Both Dodson and Durham are entrepreneurs who were motivated by profit. The difference lies in whether the profit was a means, or an end.•

__________

To comment on this editorial, write to ibjedit@ibj.com.



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  1. Now if he'd just stay there...

  2. Daniel - what about the many US citizens who do NOT follow what the Bible teaches? The Hindus, Jews, Muslims and others who are all American citizens entitled to all rights as Americans?? This issue has NOTHING to do with "What the Bible says..." Keep all Churches separate from State! Pence's ongoing idiocy continues to make Indiana look like a backwards, homophobic state in the eyes of our nation. Can't we move on to bigger issues - like educating our kids?

  3. 1. IBJ should link to the referenced report. We are in the age of electronic media...not sharing information is lazy. Here is a link http://www.in.gov/gov/files/Blue_Ribbon_Panel_Report_July_9_2014.pdf 2. The article should provide more clarity about the make-up of this panel. The commenters are making this item out to be partisan, it does not appear the panel is partisan. Here is a list of the panel which appears to be balanced with different SME to add different perspectives http://www.in.gov/activecalendar/EventList.aspx?view=EventDetails&eventidn=138116?formation_id=189603 3. It suggests a by-pass, I do not see where this report suggests another "loop". 4. Henry, based on your kneejerk reaction, we would be better off if you moved to another state unless your post was meant as sarcasm in which case I say Well Done. 5. The article and report actually indicates need to improve rail and port infrastructure in direct contradiction to Shayla commentary. Specifically, recommendation is to consider passenger rail projects... 6. People have a voice with their elected officials. These are suggestions and do not represent "crony capitalism", etc. The report needs to be analyzed and the legislature can decide on priorities and spending. Don't like it, then vote in a new legislature but quit artificially creating issues where there are none! People need to sift through the politics and provide constructive criticism to the process rather than making uninformed comments in a public forum based on misinformation. IBJ should work harder to correct the record in these forums when blatant errors or misrepresentations are made.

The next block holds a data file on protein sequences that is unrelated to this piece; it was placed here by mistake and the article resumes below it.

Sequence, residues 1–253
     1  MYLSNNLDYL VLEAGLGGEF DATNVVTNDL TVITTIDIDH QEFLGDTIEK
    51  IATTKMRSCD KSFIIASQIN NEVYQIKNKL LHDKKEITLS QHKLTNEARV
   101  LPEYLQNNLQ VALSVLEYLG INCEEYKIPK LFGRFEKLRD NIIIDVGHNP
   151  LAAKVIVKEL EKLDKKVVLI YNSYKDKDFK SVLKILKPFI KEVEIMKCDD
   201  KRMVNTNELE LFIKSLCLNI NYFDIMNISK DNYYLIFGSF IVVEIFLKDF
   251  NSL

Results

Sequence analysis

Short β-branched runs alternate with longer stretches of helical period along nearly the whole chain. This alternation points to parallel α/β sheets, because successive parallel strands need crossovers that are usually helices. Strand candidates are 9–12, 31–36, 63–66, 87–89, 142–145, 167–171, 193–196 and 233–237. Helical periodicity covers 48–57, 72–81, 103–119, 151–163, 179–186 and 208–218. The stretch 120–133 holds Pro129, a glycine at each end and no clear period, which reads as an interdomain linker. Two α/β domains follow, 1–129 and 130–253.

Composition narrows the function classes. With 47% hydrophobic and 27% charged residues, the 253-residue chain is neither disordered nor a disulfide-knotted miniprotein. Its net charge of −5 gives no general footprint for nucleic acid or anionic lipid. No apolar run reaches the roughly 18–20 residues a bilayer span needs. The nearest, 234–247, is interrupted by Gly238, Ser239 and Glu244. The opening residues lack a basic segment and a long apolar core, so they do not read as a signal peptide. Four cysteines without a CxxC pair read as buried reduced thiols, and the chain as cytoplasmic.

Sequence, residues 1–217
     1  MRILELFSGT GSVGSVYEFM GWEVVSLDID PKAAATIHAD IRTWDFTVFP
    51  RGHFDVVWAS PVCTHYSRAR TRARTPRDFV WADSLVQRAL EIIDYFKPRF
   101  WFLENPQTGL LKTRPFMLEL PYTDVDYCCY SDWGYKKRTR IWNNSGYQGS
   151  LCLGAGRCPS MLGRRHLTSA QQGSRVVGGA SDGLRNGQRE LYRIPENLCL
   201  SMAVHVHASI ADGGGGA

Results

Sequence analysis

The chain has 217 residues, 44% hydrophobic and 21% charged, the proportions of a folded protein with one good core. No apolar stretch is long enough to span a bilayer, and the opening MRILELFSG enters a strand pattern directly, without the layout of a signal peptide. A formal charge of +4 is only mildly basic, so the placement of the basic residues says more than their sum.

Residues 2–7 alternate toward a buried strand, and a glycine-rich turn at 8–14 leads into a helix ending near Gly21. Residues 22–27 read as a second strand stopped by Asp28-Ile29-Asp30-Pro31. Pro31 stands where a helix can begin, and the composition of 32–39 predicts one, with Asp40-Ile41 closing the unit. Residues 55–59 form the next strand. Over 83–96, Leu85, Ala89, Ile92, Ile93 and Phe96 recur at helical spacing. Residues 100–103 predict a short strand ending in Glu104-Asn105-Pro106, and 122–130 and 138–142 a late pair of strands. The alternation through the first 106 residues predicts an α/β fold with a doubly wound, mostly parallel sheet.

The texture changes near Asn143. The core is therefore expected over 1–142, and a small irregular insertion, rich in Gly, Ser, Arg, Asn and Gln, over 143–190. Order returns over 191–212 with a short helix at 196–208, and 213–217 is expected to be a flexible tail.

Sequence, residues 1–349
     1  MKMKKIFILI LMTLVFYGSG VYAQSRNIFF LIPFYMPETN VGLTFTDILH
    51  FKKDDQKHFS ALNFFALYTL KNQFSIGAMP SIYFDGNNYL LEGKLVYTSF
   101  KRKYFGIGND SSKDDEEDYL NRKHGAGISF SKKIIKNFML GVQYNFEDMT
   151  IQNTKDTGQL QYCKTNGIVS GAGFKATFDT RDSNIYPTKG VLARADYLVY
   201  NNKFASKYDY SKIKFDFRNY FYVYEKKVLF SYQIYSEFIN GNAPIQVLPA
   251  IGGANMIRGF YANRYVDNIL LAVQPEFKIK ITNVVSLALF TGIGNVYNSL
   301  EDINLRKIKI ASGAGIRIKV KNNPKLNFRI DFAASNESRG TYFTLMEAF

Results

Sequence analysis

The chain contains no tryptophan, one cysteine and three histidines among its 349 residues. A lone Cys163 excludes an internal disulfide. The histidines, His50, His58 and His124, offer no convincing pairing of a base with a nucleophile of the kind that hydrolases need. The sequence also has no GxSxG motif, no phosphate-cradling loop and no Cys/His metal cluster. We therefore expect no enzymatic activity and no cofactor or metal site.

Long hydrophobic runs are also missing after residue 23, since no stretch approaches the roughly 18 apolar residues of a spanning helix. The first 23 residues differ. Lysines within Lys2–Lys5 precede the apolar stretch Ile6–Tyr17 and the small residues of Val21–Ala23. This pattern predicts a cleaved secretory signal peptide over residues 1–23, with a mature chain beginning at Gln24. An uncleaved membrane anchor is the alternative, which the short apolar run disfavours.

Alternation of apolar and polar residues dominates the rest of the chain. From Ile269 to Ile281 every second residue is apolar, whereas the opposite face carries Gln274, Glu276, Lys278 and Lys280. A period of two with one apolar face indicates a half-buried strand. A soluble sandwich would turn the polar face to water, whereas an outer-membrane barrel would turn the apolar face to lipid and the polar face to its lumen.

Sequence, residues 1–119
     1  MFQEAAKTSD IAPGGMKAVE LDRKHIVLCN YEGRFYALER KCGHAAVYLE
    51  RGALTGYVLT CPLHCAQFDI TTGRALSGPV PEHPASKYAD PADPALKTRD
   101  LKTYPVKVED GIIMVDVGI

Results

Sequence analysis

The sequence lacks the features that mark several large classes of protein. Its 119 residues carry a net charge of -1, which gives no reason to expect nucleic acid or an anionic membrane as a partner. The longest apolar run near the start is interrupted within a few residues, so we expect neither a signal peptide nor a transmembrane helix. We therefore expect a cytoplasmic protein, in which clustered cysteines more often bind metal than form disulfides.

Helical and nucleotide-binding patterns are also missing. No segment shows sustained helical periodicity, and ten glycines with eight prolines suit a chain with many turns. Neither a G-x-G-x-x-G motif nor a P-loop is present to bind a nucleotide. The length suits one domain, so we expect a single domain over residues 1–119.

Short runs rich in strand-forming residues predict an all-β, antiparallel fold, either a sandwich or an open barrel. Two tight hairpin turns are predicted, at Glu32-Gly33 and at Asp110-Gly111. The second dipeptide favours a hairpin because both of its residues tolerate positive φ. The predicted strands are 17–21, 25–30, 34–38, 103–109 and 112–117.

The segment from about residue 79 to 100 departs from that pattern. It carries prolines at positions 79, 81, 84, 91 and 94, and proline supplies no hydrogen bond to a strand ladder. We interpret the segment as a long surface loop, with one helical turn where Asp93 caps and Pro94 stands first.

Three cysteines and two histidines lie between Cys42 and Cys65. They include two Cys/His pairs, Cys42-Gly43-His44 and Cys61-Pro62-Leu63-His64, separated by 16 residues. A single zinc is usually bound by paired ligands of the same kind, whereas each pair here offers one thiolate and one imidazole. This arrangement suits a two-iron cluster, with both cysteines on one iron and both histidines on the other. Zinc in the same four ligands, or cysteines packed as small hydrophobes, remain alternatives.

4. Joe ... Marriage is defined in the Bible ... it is mentioned in the Bible often. Marriage is not mentioned once in the US or Indiana Constitution ...

  5. Daniel - Educate me please: what does the Bible have to do with laws? If the government wasn't in the business of marriage to begin with, then it wouldn't have to "define" marriage at all. Marriage could be left as a personal, religious, or otherwise unregulated action, with no ties to taxes, legal status, etc. Then people could marry whomever they want, and all this silliness would go away. Remember to vote Libertarian in November.